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How to mount xfs

August 27th, 2015 Leave a comment Go to comments

How to mount xfs

#Find the new disk
fdisk -l

#Create the partition ( n,1,w)
fdisk /dev/xvdf

#Needed
yum install xfsprogs.x86_64 xfsdump-3.1.3-5.7.amzn1.x86_64

#Make the files system
mkfs.xfs -f /dev/xvdf

#Prepare the mountpoint
mv /opt/ /opt2/
mkdir /opt

#Mount it
mount -t xfs /dev/xvdf /opt

#Check it
df -h
#Add line to /etc/fstab
echo “/dev/xvdf /opt xfs defaults 0 0” >> /etc/fstab

Why XFS
XFS is a high-performance 64-bit journaling file system created by Silicon Graphics, Inc (SGI) in 1993.[1] It was the default file system in the SGI’s IRIX operating system starting with its version 5.3; the file system was ported to the Linux kernel in 2001. As of June 2014, XFS is supported by most Linux distributions, some of which use it as the default file system.

XFS excels in the execution of parallel input/output (I/O) operations due to its design, which is based on allocation groups (a type of subdivision of the physical volumes in which XFS is used- also shortened to AGs). Because of this, XFS enables extreme scalability of I/O threads, file system bandwidth, and size of files and of the file system itself when spanning multiple physical storage devices.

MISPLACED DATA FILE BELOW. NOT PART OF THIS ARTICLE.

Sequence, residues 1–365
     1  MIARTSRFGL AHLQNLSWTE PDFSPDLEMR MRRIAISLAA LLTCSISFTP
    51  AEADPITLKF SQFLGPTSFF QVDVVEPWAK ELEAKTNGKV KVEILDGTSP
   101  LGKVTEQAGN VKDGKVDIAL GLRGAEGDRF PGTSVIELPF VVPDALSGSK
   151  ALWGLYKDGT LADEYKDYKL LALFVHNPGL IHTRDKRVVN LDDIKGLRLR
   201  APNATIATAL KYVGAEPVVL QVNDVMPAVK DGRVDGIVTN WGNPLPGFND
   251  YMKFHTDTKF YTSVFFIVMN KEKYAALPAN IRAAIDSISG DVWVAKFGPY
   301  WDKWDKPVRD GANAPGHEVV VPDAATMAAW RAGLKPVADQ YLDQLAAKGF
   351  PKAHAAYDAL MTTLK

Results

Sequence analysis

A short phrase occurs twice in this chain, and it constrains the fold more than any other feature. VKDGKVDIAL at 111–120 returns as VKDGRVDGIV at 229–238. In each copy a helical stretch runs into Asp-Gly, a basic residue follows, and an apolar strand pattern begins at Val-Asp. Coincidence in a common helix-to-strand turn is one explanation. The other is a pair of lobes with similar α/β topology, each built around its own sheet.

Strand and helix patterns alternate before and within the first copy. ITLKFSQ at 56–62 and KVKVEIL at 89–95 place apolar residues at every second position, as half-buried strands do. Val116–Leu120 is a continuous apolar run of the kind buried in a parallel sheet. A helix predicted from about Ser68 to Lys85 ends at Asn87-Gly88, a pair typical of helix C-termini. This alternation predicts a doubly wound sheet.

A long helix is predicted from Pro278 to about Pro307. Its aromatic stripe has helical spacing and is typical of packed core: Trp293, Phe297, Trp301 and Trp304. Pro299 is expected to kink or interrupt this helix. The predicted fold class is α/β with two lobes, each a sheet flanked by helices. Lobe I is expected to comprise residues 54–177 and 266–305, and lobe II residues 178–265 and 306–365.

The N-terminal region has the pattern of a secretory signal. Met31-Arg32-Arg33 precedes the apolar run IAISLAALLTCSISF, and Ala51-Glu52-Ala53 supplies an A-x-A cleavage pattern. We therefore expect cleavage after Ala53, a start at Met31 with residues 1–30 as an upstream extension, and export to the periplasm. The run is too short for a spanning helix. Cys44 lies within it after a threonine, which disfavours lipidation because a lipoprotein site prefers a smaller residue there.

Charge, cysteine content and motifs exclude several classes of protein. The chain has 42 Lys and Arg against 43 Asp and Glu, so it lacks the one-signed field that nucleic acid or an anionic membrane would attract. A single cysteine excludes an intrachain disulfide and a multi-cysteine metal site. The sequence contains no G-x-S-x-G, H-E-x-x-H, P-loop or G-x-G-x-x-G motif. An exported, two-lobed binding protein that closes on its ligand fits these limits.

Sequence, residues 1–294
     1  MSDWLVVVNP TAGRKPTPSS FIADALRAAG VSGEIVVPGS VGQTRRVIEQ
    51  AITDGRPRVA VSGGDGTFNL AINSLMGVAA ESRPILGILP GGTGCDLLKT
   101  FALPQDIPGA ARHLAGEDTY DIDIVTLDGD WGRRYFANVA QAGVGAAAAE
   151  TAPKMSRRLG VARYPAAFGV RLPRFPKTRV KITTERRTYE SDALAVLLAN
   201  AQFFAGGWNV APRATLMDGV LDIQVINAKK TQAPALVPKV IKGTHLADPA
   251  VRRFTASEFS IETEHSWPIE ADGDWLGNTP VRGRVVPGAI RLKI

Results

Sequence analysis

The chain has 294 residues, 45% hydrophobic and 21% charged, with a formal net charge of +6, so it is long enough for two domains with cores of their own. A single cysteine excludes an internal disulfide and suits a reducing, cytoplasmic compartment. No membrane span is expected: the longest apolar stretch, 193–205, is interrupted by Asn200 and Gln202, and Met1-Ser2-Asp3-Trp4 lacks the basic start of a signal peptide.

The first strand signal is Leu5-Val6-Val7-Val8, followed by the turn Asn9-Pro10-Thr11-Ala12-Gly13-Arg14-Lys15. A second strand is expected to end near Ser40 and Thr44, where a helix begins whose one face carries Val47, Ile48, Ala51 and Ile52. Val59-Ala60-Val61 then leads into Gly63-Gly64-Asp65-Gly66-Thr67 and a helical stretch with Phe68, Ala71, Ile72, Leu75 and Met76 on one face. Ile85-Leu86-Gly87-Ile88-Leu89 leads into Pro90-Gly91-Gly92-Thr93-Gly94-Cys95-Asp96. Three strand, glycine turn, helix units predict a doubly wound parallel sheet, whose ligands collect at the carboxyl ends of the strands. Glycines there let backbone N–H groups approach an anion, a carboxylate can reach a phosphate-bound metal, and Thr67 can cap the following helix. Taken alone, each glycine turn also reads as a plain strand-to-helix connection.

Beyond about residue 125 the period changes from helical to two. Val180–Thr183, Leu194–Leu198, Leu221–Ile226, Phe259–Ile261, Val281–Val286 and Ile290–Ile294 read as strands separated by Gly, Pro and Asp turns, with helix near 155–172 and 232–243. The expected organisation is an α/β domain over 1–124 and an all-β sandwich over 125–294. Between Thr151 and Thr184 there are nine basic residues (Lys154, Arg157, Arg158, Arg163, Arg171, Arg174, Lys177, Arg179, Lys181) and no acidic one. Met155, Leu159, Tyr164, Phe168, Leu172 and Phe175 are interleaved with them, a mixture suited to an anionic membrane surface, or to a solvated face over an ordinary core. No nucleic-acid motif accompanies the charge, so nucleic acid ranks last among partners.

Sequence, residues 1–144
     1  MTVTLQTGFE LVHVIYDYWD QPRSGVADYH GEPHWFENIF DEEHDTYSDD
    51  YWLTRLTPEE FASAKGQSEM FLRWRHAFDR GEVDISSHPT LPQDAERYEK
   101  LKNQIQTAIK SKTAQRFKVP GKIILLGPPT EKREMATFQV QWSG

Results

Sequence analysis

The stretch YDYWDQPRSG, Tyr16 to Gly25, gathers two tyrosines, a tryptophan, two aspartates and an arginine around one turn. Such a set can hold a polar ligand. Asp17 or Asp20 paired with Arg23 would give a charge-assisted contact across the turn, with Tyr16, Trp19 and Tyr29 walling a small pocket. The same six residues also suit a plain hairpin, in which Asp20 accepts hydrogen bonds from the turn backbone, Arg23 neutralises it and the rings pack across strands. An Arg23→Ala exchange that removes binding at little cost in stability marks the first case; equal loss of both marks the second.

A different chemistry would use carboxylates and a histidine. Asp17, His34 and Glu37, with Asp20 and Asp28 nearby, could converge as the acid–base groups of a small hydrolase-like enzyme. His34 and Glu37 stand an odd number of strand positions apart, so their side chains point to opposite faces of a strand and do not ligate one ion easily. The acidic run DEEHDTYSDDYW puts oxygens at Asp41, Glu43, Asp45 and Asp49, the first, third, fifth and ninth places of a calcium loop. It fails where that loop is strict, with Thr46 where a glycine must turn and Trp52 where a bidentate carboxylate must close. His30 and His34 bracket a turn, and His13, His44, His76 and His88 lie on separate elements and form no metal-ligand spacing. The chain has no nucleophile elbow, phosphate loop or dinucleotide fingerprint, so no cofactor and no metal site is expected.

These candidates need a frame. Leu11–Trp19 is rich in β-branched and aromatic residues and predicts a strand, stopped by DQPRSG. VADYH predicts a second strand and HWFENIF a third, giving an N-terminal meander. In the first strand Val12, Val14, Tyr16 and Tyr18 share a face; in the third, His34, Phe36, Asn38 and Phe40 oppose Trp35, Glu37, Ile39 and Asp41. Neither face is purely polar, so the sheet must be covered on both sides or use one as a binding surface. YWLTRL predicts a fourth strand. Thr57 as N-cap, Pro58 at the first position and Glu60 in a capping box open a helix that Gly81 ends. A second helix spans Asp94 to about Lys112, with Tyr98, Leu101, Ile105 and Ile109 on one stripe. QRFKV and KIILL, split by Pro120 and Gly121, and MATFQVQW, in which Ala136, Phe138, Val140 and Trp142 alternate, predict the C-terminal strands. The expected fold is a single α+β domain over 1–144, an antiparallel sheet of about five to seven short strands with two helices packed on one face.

Snapshots
xfs_freeze – Halts new access to the filesystem and creates a stable image on disk. xfs_freeze is intended to be used with volume managers and hardware RAID devices that support the creation of snapshots.

Online defragmentation
xfs_fsr – Reorganizer that can defragment the files on a mounted and active XFS filesystem

Online Resizing
xfs_growfs – Utility to perform online resizing of XFS file systems. XFS filesystems can be grown so long as there is remaining unallocated space on the device holding the filesyste

Native backup/restore utilities
xfsdump, xfsrestore – Utilities to aid in the backup of data stored in XFS file systems. The xfsdump utility backs up an XFS filesystem in inode order, and in contrast to traditional UNIX file systems which must be unmounted before dumping to guarantee a consistent dump image, XFS file systems can be dumped while the file system is in use. This is not the same as a snapshot, since files are not frozen during the dump

Disadvantages
An XFS file system cannot be shrunk, which would be useful, for example, in some virtualized environments.
Metadata operations in XFS have historically been slower than with other file systems, resulting in, for example, poor performance with operations such as deletions of large numbers of files. However, a new XFS feature implemented by Dave Chinner and called delayed logging, available since version 2.6.39 of the Linux kernel mainline, is claimed to resolve this;[22] performance benchmarks done by the developer in 2010 revealed performance levels to be similar to ext4 at low thread counts, and superior at high thread counts.[23]
No support for transparent data compression

References
https://en.wikipedia.org/wiki/XFS

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